Как отключить автозаполнение браузера в поле / теге ввода веб-формы?

Как отключить autocompleteв основных браузерах для конкретного input(или form field)?

30 ответов

  1. So here is it:

    function turnOnPasswordStyle() {
      $('#inputpassword').attr('type', "password");
    <input oninput="turnOnPasswordStyle()" id="inputpassword" type="text">

  2. Firefox 30 игнорирует autocomplete="off"пароли, предпочитая вместо этого запрашивать пользователя, должен ли пароль храниться на клиенте. Обратите внимание на следующий комментарий от 5 мая 2014:

    • Менеджер паролей всегда предлагает сохранить пароль. Пароли не сохраняются без разрешения пользователя.
    • Мы третий браузер для реализации этого изменения, после IE и Chrome.

    Согласно документации разработчика Mozilla атрибут элемента формы autocompleteпредотвращает кэширование данных формы в старых браузерах.

    <input type="text" name="foo" autocomplete="off" />
  3. Was a non-standard way to do this (I think Mozilla and Internet Explorer still support it) but messing with the users expectations is a bad idea.

    If the user enters their credit card details in a form and then let’s someone else use that browser it’s not your concern. 🙂

  4. Use a non-standard name and id for the fields, so rather than «name» have «name_». Browsers will then not see it as being the name field. The best part about it is that you can do this to some but not all fields and it will autocomplete some but not all fields.

  5. <form name="form1" id="form1" method="post" 
          autocomplete="off" action="http://www.example.com/form.cgi">

    This will work in Internet Explorer and Mozilla FireFox, the downside is that it is not XHTML standard.

  6. Just set autocomplete="off". There is a very good reason for doing this: You want to provide your own autocomplete functionality!

  7. On a related or actually, on the completely opposite note —

    «If you’re the user of the aforementioned form and want to re-enable
    the autocomplete functionality, use the ‘remember password’
    bookmarklet from this bookmarklets
    . It removes
    all autocomplete="off" attributes from all forms on the page. Keep
    fighting the good fight!»

  8. We did actually use sasb‘s idea for one site. It was a medical software web app to run a doctor’s office. However, many of our clients were surgeons who used lots of different workstations, including semi-public terminals. So, they wanted to make sure that a doctor who doesn’t understand the implication of auto-saved passwords or isn’t paying attention can’t accidentally leave their login info easily accessible. Of course, this was before the idea of private browsing that is starting to be featured in IE8, FF3.1, etc. Even so, many physicians are forced to use old school browsers in hospitals with IT that won’t change.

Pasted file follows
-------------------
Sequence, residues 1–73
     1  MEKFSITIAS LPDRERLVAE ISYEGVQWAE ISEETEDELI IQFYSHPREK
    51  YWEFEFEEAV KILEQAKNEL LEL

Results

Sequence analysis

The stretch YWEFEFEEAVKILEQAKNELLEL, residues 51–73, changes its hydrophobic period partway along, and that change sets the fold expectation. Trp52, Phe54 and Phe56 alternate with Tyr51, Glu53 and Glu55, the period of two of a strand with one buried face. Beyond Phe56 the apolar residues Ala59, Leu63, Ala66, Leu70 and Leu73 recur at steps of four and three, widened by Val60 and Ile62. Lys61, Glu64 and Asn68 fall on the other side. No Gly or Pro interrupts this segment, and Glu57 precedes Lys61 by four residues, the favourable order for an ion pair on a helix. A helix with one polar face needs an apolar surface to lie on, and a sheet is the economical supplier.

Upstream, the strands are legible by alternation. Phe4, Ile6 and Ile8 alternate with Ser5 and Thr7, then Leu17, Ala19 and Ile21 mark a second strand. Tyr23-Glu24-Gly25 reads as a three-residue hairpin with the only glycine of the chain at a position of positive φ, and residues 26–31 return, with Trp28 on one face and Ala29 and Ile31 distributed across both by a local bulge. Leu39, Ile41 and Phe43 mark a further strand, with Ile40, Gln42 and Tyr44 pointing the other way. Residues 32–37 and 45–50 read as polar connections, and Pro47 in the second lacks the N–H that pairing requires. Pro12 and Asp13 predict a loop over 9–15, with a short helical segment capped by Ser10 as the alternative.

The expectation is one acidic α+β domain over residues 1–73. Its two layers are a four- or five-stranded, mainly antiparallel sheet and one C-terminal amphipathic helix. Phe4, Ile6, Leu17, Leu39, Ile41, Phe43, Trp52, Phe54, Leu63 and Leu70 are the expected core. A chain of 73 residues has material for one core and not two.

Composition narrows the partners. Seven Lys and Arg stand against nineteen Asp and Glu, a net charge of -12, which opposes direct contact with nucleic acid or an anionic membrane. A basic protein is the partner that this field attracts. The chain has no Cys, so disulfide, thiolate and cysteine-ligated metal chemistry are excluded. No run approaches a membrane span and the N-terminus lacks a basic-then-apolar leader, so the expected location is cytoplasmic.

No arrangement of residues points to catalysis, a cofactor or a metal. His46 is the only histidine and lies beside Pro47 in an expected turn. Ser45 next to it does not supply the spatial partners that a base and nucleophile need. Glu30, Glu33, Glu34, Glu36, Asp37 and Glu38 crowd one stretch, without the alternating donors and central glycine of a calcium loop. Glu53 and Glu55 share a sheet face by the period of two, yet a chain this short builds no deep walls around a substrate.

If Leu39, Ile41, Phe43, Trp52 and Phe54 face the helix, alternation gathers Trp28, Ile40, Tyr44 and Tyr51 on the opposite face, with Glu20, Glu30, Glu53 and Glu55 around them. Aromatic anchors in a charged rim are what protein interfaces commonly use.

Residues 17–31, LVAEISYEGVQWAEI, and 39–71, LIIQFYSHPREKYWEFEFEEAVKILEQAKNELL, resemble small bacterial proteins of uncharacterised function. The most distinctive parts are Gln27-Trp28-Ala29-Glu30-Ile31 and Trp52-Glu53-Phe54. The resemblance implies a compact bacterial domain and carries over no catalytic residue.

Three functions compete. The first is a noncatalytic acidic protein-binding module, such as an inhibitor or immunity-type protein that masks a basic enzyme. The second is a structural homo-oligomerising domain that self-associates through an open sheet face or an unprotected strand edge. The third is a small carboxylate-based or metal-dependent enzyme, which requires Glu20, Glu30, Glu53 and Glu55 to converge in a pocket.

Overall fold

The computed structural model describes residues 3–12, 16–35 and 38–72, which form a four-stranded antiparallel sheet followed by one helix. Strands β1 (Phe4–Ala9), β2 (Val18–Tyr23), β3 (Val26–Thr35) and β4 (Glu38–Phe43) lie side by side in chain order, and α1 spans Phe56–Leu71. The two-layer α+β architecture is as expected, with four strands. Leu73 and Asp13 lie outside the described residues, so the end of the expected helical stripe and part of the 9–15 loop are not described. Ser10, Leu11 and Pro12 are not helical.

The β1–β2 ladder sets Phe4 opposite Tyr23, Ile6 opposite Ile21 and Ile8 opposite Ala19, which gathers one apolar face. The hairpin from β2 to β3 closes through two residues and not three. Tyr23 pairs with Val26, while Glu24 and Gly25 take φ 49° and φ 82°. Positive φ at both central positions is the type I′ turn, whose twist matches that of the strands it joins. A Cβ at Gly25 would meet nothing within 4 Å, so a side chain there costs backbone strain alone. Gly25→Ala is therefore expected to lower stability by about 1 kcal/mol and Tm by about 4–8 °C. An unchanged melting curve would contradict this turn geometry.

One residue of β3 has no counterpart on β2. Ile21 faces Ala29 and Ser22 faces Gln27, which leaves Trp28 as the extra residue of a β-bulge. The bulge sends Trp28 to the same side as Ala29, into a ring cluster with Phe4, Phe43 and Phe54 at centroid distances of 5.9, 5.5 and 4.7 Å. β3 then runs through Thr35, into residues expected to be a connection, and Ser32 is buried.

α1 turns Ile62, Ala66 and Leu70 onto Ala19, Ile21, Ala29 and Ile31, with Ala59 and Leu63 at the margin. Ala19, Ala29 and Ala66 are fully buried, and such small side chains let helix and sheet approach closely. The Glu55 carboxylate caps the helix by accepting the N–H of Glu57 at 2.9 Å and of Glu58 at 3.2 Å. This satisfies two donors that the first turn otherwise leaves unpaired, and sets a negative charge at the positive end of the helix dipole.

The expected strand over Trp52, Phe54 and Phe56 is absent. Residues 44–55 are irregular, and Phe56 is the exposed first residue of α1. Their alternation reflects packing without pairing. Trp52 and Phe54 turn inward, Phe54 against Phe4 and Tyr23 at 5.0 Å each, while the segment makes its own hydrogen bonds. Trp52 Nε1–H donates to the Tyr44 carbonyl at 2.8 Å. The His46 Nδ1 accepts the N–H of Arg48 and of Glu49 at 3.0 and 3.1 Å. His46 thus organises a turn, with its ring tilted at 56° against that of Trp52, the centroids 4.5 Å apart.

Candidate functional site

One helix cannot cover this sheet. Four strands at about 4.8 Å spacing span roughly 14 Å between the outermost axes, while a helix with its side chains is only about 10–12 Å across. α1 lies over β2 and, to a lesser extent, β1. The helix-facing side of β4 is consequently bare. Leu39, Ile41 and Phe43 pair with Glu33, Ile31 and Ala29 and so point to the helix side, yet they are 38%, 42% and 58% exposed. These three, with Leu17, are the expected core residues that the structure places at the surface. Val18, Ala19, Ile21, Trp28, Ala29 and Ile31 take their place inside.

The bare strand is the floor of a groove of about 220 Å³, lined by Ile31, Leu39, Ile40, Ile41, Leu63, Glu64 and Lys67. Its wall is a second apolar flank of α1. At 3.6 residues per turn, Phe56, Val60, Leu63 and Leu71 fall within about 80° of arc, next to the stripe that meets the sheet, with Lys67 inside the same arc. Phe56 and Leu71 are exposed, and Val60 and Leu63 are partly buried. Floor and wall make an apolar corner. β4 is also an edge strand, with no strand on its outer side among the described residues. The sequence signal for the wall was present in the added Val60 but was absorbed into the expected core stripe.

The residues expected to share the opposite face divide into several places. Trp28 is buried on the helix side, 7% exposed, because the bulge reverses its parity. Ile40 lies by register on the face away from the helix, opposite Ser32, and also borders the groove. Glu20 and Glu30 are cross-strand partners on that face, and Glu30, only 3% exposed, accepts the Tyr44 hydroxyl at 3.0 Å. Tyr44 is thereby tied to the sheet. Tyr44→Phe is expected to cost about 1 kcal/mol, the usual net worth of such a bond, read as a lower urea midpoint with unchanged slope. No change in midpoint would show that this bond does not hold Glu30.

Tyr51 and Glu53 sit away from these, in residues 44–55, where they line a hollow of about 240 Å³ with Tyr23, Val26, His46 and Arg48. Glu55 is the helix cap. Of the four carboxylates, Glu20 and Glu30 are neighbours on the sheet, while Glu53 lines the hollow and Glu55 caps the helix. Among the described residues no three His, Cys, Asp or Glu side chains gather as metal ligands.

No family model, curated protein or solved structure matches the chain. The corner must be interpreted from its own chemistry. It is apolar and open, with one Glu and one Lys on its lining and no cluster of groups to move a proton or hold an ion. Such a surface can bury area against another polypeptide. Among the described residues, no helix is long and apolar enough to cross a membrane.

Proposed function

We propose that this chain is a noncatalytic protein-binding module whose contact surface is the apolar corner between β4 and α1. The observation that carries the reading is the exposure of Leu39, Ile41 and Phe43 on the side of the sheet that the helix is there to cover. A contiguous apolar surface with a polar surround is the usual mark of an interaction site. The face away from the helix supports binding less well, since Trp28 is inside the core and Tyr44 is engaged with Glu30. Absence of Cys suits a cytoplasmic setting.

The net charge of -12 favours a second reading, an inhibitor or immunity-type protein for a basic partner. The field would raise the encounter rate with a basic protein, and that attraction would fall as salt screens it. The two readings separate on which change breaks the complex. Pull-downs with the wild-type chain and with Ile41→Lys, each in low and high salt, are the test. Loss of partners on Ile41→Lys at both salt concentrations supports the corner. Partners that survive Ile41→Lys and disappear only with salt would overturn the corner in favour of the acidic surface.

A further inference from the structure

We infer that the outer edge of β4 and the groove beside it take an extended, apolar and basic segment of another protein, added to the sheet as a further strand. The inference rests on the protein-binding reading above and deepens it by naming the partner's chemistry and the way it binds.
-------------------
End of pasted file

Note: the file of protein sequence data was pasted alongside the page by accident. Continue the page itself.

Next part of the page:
So, we had the login page generate random field names that would only work for that post. Yes, it’s less convenient, but it’s just hitting the user over the head about not storing login information on public terminals.

  9. Кроме тогоautocomplete=off, имена полей формы могут быть рандомизированы кодом, создающим страницу, возможно, путем добавления определенной для сеанса строки в конец имен.

    При отправке формы эту часть можно удалить перед обработкой на стороне сервера. Это предотвратит поиск веб-браузером контекста для поля, а также поможет предотвратить атаки XSRF, поскольку злоумышленник не сможет угадать имена полей для отправки формы.

  10. As others have said, the answer is autocomplete="off"

    However, I think it’s worth stating why it’s a good idea to use this in certain cases as some answers to this and duplicate questions have suggested it’s better not to turn it off.

    Stopping browsers storing credit card numbers shouldn’t be left to users. Too many users won’t even realize it’s a problem.

    It’s particularly important to turn it off on fields for credit card security codes. As this page states: